7 W. Main St. Holmes Hotel (David Myers Art Studio & Gallery) – In April 1889, Thomas Holmes opened his 30-room hotel at the corner of State and Main with great fanfare, hosting a Board of Trade banquet with visitors from as far away as Dayton. The local paper declared “The Holmes House is a blaze of glory from attic to basement.” This Romanesque Revival structure with its highly decorative façade also housed two retail businesses. The site where the 1889 building stands was lot #1 on the plat map of 1839 and was where the log cabin of James Westervelt stood. From the 2013 tour.
39 W. Main St. Corbin’s Saloon – Local businessman Henry Corbin opened a saloon at the corner of Knox and Main Streets in 1875 and the townspeople protested vehemently. Leaders of the community used strong language in denouncing Corbin and a series of acts of vandalism followed, eventually culminating in dynamite explosions. Corbin closed this establishment and tried again in 1879 with similar reactions and results. This structure, however, still survives as witness to Westerville’s “Whiskey Wars.” From the 2013 tour.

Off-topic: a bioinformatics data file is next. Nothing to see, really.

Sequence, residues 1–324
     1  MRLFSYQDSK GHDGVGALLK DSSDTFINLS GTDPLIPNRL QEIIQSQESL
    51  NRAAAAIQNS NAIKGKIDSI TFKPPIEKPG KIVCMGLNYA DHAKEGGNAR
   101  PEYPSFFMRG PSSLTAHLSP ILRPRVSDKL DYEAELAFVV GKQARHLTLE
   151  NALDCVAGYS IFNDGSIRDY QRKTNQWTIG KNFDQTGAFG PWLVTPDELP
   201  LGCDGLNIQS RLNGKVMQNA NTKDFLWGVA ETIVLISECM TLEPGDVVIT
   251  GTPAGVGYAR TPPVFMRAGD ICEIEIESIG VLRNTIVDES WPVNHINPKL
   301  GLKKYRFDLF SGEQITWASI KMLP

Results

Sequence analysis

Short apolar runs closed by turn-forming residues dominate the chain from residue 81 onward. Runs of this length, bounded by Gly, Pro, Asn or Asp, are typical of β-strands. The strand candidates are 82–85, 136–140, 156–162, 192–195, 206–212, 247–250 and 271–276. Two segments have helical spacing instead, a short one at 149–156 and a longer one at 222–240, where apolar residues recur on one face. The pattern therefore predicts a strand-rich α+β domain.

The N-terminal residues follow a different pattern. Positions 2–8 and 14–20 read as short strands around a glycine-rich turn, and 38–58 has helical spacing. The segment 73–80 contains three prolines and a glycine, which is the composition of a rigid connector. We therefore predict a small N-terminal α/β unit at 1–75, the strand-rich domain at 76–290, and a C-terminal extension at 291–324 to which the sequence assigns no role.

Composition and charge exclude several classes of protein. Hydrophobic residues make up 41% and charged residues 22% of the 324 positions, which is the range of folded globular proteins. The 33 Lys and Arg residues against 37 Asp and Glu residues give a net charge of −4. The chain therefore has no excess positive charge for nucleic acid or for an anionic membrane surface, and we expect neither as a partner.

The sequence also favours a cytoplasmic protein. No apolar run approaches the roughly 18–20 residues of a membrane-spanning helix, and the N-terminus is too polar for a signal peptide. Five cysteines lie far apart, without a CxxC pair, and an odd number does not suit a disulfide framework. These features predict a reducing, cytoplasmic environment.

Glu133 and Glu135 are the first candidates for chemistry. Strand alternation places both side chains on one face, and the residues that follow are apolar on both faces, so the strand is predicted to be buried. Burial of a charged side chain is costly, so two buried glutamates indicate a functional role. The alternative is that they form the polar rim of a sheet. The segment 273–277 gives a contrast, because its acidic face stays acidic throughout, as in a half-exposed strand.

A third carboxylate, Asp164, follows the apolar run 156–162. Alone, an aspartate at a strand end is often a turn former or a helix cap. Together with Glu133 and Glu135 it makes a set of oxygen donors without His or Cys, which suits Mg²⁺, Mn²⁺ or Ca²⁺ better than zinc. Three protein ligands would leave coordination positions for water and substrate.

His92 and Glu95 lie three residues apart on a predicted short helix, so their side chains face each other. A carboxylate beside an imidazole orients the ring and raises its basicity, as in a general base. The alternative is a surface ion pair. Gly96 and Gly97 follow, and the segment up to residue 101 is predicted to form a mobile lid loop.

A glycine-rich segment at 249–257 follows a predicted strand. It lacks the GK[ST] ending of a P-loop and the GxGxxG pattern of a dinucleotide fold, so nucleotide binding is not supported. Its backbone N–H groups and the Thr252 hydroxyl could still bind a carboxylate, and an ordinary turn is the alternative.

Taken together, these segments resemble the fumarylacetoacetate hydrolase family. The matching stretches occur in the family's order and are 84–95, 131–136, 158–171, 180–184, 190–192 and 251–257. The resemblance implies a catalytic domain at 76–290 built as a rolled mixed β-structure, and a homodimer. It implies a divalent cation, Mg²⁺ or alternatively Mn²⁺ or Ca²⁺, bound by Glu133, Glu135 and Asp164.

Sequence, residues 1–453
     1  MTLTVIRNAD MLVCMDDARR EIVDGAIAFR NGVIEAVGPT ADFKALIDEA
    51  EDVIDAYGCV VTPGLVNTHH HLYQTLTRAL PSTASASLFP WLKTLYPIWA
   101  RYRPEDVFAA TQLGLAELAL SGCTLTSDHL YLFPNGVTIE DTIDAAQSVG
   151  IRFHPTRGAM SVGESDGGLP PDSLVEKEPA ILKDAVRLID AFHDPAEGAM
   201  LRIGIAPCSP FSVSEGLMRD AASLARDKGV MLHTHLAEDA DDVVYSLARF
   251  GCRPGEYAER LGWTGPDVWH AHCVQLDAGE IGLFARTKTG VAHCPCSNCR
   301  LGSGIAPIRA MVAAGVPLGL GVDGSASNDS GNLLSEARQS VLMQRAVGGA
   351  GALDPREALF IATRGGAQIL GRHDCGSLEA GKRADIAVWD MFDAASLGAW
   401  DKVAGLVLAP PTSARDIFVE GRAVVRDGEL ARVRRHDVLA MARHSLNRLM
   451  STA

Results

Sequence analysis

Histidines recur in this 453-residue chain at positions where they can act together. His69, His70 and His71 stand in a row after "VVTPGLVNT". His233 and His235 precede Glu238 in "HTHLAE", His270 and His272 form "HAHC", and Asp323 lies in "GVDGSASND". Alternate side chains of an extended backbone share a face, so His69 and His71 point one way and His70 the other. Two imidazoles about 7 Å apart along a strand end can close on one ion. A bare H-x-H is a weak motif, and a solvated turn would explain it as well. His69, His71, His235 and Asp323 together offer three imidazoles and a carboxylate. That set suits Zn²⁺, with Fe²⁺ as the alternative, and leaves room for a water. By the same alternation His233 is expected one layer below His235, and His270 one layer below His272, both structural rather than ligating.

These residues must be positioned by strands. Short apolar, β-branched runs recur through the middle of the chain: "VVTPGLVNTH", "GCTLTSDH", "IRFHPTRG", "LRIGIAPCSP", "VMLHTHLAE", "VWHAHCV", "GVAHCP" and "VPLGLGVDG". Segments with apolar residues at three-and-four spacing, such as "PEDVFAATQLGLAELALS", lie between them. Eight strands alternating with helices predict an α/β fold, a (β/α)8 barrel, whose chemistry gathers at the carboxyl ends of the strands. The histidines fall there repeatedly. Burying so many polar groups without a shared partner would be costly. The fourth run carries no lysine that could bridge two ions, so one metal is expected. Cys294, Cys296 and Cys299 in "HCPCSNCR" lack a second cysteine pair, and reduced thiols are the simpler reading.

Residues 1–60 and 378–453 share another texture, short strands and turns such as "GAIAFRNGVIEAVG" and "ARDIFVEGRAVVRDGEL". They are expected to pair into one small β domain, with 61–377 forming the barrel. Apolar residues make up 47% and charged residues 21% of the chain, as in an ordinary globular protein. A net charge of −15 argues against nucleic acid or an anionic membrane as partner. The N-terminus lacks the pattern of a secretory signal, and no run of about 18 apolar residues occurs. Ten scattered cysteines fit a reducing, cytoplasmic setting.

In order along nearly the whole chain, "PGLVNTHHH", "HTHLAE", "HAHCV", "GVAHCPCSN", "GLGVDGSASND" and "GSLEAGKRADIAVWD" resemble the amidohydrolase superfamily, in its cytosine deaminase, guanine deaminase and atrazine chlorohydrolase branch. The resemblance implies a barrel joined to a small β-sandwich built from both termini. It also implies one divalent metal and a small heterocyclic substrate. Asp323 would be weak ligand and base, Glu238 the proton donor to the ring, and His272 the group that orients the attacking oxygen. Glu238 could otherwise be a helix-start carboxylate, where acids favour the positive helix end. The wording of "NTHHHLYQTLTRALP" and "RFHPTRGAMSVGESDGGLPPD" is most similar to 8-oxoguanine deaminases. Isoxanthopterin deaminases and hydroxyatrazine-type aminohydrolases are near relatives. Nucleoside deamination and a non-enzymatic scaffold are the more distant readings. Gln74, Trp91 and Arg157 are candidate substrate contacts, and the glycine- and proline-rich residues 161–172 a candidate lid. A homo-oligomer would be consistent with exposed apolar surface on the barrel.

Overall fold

160 W. Main St. Hanby House – The home of Bishop William Hanby, active in the Underground Railroad, and son Benjamin, a famous songwriter, was originally located at the corner of Main and Grove where the Church of the Master stands today. Fugitive slaves were hidden in the barn behind the home and brought in after dark to break bread with the family. Benjamin Hanby’s most famous ballad “Darling Nelly Gray” is based on a tragic true story of star-crossed lovers separated by slavery and death. He also wrote the popular holiday song “Up on the Housetop.” The house is now a museum. From the 2013 and several later tours.
Otterbein University has been a great friend to the Westerville Habitat Partnership and has allowed us to visit many of their buildings. Here are some of the campus sites that were opened to us:
60 Collegeview Ave. The Point – Otterbein has partnered with leading organizations from the private and public sectors in central Ohio to create this science, technology, engineering, arts, and math (STEAM) Innovation Center that combines academics with the business and manufacturing needs of our community. It is housed in the original, but much remodeled Toledo Scale building and has a great deal of flexible space inside for various needs and configurations, including a maker space with 3-D printers. From the 2017 tour.